>>> HI JACK> I DO REALIZE THAT THE SHOULDERS HAVE TO WORK IN THE CORRECT SWING .WOULD IT BE RIGHT TO SAY THAT AS BACK FOREARM AND ELBOW ARE ROTATING FROM THE HORIZONTAL TO THE VERTICAL POSTION, THE HIPS ARE AHEAD OF THE SHOULDERS AND ARE DOING THE BULK OF THE WORK. AND ONCE THE BACK FOREARM BECOMES VERTICAL THE SHOULDERS WILL TAKE OVER THE SWING AND BRING THE POWER OF THE HIPS AND LOWER BODY INTO THE ROTATING BAT. <<<
Yes, I would say with a little clarification, I could agree with your statement. I would need to point out that as the "back forearm arm and elbow are rotating from a horizontal to the vertical position," the bat should be accelerated rearward 90+ degrees from THT. The torque that induces the bat's rearward acceleration is derived from two sources. (1) From the rotation of the back-forearm as the elbow lowers. (2) From the hands applying force at the handle from opposing directions.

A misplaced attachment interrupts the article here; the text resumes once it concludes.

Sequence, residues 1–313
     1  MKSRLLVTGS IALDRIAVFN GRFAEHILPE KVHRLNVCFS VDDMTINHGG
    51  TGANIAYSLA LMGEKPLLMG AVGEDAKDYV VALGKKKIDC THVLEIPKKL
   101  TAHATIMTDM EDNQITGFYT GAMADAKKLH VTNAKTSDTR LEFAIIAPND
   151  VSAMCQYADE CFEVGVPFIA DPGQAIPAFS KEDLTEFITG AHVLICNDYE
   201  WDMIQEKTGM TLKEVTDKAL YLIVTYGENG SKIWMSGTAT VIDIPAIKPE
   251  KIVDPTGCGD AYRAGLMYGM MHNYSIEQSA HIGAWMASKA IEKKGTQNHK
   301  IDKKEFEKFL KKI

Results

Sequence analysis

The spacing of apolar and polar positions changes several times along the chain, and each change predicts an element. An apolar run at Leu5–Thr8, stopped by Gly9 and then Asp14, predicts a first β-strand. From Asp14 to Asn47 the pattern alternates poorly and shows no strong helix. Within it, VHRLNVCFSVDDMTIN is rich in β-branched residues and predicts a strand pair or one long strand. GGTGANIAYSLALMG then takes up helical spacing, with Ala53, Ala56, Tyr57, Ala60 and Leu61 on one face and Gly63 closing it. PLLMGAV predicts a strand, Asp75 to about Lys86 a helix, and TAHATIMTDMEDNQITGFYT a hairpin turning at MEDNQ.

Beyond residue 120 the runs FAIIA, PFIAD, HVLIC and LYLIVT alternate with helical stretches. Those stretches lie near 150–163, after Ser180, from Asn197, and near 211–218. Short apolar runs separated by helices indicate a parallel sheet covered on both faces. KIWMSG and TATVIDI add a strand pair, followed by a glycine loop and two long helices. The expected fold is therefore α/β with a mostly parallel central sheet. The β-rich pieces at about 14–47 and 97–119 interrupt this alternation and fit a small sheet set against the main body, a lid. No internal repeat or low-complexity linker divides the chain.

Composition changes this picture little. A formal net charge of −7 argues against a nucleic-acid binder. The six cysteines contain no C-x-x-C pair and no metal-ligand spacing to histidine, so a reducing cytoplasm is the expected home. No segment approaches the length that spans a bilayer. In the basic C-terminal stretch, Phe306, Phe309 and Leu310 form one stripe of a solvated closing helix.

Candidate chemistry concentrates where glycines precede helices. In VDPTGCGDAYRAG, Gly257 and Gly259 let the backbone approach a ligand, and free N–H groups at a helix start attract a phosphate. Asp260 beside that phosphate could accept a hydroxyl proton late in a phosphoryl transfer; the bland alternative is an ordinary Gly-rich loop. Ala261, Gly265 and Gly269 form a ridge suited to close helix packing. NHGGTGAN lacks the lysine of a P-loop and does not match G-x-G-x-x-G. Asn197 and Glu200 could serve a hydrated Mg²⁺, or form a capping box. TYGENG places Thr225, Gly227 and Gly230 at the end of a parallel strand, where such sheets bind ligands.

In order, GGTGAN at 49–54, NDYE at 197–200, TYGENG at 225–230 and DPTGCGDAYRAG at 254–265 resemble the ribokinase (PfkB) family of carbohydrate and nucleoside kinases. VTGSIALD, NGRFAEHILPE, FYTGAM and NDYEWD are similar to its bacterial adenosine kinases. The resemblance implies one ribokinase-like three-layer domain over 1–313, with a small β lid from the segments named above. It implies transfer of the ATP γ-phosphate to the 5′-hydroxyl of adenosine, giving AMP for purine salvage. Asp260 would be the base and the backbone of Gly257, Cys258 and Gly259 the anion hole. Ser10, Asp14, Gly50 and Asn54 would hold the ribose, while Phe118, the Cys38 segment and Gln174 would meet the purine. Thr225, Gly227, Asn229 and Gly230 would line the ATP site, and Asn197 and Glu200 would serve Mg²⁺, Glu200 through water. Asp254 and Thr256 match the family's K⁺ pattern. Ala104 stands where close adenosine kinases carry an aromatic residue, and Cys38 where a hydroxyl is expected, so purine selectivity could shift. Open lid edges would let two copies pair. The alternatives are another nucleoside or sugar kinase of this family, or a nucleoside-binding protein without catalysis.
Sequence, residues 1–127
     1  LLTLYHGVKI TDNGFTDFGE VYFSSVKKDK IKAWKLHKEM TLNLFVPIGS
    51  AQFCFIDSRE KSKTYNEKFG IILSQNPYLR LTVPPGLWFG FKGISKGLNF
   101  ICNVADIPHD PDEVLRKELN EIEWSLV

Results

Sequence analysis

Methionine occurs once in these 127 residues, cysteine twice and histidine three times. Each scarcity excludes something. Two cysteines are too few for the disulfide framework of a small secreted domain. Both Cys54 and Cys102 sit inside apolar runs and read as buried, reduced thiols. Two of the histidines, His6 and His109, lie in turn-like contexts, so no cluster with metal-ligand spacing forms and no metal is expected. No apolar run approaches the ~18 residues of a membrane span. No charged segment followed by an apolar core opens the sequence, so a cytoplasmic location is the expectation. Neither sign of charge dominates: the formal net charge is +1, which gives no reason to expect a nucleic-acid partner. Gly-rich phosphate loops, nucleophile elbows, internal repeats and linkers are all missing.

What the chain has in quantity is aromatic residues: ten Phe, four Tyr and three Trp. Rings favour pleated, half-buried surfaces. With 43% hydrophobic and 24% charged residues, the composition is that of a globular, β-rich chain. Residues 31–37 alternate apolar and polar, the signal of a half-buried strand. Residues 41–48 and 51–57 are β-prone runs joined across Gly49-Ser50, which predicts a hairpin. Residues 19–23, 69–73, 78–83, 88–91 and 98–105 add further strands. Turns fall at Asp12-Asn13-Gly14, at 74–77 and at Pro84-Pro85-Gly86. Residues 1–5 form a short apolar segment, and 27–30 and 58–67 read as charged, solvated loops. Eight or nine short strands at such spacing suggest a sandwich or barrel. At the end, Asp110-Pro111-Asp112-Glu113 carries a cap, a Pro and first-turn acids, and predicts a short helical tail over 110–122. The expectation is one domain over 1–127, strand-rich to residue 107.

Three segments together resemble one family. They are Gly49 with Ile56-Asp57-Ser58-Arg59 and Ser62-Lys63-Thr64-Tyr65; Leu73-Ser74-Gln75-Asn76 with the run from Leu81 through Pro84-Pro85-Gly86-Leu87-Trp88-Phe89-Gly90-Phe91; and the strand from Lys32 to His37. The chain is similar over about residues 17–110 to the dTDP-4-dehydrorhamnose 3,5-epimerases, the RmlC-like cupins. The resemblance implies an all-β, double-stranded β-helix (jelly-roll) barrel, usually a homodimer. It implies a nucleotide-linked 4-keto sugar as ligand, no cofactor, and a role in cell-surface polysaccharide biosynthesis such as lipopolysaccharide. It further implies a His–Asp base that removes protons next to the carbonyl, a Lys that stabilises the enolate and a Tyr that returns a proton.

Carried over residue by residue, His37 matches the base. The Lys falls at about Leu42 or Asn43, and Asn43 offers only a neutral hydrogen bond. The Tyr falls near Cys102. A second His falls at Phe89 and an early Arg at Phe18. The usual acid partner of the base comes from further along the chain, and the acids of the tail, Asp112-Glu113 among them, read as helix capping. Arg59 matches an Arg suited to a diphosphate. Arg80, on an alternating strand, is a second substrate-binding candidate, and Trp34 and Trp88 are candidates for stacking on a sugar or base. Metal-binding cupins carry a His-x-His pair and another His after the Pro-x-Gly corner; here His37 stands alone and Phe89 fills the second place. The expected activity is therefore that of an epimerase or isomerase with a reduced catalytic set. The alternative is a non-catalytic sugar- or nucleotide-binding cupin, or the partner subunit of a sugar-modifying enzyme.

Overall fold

The video clip below addresses how THT is applied. -- I find the key difference between students that produce good rearward acceleration and those who do not is governed mainly by what the top-hand does as the elbow lowers. As I point out in the video, to apply maximum torque, the top-hand (and forearm) must apply a rearward force as the elbow lowers.
However, 99.9% of mechanics taught to batters have the top-hand being driven forward during initiation. Having both the bottom and top hand applying a forward force produces little or no torque. This also means that most of lead-shoulder rotation is used in taking up the slack caused from the top-hand being driven forward -- rather than used to provide a productive opposing force.
Jerry, the bottom line is -- The role of the hips is to induce a stronger shoulder rotation. That is the only way the power of hip rotation can be transferred to the bat. Also, the productive use of lead-shoulder rotation is essential right from the initiation of the swing.